Interviewing for a tech job

When I interviewed for my current job, I didn’t pass the interviews on the first time that I tried.  When I applied again 1 year later, I passed, but I had changed my strategy in preparing for the 2nd time to correct all the mistakes I made during the 1st time.

There were other factors of my growth as a programmer beyond the whiteboard problem practice that helped equally as much, if not more so, in my success in the 2nd round of interviews.  But the whiteboard programming aspect is more immediate and usually more stressful.

To help others who may need the help in the way I did, the following is a summary of how I prepared the second time:

  • Following this blog post
    • Bought the thin whiteboard markers (was more impt than I realized)
    • Re-read the basic chapters in CLRS
    • Bought and skimmed through the basic chapters of the algorithm design textbook
    • Disclaimer: I definitely don’t agree with all that Steve Yegge says, and I didn’t find the A* algorithm applicable for me, but everything else in that particular blog post seemed pretty useful
  • Bought the Elements of Programming Interviews and studied from it mostly
    • Also bought Cracking the Code Interview and studied from it, but only to round out topics that EPI didn’t cover, ex: DBs.  Everyone seems to use CCI, but I liked EPI because it was harder and had more problems
    • Tried to do >= 1 problem a day
    • Practiced for a month before submitting any applications / sending resumes, kept studying while waiting for responses from recruiters
  • Simulated as much pressure on myself as I could at home
    • Bought a whiteboard, put it up on the wall in my apt, did most of my problems there
      • As a backup option, also had a paper notebook to do problems when I could find a seat to sit down on BART while commuting
    • Timed myself to simulate the urgency & passing of time – wrote down the start & stop times, and turned on the stopwatch on my phone
    • Took a picture of every whiteboard problem I did – the point was to simulate feeling scrutinized (just like when the interviewer takes a picture of the board at the end during an interview)
  • Developed a process for systematically approaching problems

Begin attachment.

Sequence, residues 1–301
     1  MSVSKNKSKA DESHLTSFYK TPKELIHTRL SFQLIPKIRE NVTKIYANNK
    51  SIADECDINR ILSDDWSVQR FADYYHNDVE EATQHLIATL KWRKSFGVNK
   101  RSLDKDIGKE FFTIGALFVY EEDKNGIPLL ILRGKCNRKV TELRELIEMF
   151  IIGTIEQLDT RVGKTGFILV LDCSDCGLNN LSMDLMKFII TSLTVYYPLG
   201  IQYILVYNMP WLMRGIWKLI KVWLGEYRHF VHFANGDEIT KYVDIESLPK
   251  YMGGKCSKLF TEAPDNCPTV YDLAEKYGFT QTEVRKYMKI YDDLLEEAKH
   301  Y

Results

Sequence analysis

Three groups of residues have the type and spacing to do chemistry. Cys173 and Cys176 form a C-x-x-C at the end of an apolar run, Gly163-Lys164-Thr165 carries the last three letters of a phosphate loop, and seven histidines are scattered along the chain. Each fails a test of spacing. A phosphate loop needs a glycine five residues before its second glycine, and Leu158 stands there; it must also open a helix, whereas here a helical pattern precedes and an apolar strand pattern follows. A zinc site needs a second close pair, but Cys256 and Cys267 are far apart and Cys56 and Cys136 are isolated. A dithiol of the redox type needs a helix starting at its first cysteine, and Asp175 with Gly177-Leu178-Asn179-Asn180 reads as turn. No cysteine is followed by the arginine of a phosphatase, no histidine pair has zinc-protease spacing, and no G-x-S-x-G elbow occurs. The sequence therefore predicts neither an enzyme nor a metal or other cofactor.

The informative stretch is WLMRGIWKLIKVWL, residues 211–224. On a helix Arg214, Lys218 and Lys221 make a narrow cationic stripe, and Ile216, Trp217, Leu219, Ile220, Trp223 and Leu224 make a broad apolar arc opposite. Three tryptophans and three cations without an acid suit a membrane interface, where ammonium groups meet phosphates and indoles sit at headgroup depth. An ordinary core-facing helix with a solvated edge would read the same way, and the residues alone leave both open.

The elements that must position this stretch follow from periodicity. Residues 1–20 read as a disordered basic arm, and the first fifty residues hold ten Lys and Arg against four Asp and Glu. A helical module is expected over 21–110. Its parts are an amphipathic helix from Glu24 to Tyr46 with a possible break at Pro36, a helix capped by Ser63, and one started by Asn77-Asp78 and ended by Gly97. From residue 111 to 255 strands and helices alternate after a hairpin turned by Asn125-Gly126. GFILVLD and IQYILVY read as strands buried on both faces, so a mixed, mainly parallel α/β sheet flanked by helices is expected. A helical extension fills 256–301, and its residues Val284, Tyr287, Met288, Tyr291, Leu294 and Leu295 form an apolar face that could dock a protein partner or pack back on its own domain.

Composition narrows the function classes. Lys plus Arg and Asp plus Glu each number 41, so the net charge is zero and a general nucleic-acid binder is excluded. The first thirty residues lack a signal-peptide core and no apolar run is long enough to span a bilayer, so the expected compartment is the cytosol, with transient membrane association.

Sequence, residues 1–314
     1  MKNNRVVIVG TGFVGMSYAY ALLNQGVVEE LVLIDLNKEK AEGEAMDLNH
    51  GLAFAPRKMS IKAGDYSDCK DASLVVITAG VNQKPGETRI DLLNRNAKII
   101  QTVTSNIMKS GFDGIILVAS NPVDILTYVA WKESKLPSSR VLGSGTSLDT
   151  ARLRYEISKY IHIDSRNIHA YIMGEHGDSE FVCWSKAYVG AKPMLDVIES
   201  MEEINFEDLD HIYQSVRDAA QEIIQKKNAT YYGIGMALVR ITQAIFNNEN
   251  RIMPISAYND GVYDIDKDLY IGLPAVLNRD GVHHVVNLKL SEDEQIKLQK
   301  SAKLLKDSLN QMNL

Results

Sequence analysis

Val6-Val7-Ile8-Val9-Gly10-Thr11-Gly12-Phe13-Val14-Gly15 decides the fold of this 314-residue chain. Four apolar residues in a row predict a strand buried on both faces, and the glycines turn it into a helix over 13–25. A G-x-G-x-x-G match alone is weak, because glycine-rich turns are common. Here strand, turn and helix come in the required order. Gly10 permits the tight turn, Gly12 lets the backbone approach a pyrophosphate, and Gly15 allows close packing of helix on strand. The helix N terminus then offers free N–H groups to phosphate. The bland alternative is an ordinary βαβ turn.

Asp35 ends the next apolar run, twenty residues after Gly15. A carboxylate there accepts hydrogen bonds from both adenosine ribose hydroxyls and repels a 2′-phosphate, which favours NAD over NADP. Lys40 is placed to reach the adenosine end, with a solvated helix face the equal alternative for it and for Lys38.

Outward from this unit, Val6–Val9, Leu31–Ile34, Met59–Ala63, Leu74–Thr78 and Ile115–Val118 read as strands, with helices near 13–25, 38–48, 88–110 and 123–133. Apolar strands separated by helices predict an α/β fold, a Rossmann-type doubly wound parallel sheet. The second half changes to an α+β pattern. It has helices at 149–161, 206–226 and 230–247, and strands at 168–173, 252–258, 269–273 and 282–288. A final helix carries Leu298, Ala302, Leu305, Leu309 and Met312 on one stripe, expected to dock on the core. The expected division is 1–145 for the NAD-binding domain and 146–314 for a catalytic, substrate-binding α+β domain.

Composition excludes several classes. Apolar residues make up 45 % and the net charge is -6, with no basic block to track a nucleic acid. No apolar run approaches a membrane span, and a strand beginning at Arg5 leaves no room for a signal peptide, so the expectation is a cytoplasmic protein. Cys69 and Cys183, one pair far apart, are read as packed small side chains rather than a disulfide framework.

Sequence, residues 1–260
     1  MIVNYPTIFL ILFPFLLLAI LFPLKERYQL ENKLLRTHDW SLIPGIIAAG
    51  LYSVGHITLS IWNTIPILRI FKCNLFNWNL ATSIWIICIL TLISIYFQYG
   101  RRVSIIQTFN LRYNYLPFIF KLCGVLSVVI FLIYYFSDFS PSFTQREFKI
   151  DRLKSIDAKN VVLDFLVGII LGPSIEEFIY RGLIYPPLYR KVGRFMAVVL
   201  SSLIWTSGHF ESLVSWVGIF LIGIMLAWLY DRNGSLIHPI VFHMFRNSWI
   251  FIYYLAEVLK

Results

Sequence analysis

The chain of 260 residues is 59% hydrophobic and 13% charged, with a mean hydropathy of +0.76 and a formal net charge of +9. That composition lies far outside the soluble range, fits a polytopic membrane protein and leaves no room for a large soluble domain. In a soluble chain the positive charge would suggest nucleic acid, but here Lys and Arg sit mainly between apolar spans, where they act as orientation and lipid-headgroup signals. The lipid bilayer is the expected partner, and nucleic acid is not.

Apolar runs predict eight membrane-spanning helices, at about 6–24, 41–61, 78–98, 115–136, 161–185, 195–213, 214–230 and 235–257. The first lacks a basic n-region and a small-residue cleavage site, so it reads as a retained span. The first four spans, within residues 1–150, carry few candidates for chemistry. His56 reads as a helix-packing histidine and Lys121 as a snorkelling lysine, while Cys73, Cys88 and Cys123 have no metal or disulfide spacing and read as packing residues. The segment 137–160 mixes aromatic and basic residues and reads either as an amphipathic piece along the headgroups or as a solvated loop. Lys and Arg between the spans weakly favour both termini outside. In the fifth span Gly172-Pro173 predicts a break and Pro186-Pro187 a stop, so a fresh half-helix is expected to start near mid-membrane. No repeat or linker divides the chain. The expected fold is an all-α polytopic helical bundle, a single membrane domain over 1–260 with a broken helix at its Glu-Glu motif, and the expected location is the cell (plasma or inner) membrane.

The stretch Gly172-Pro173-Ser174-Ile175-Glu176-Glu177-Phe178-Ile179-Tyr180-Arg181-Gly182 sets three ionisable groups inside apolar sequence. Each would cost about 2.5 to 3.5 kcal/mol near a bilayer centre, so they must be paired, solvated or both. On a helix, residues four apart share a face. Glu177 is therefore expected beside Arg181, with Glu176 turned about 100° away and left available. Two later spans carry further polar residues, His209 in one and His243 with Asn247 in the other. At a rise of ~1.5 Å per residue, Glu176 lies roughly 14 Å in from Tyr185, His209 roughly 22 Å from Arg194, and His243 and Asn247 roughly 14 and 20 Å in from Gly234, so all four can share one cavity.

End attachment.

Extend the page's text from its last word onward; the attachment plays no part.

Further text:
• Evolved organically as I went along through practice problems, started it out of frustration that each practice problem felt as nerve-racking as the next
    • Before writing out any code, I list out these categories in order and fill in whatever is appropriate to the problem:
      • GIVEN – problem statement
      • RETURN – problem statement
      • INPUT – code inputs & variable names
      • OUTPUT – code outputs & return types
      • GENERAL IDEAS – anything & everything you think is relevant; start with data structures; definitely include pictures, examples of corner cases & test cases.  make a “TODO” comment if you get stuck on a low-level detail
      • ASSUME – assumptions that you can / need to make with the confirmation of the interviewer
      • (recursion) BASE CASE(S) – sometimes recursion has 2 base cases, usually just 1
      • (recursion) RECURSIVE STEP – work to be recursive.  sometimes need to carry state in recursive step, in which case, need one recursive function and one function to kick it off with initial values
      • CLASSES – any classes / data structures to create.  Often, for the purposes of interviews, classes are glorified “structs”.  (Only if you need to create a Comparator do you try to mention implementing hashCode() and equals().)
      • VARS/FNS – any variable names / function names that need to be created, or that I want to create

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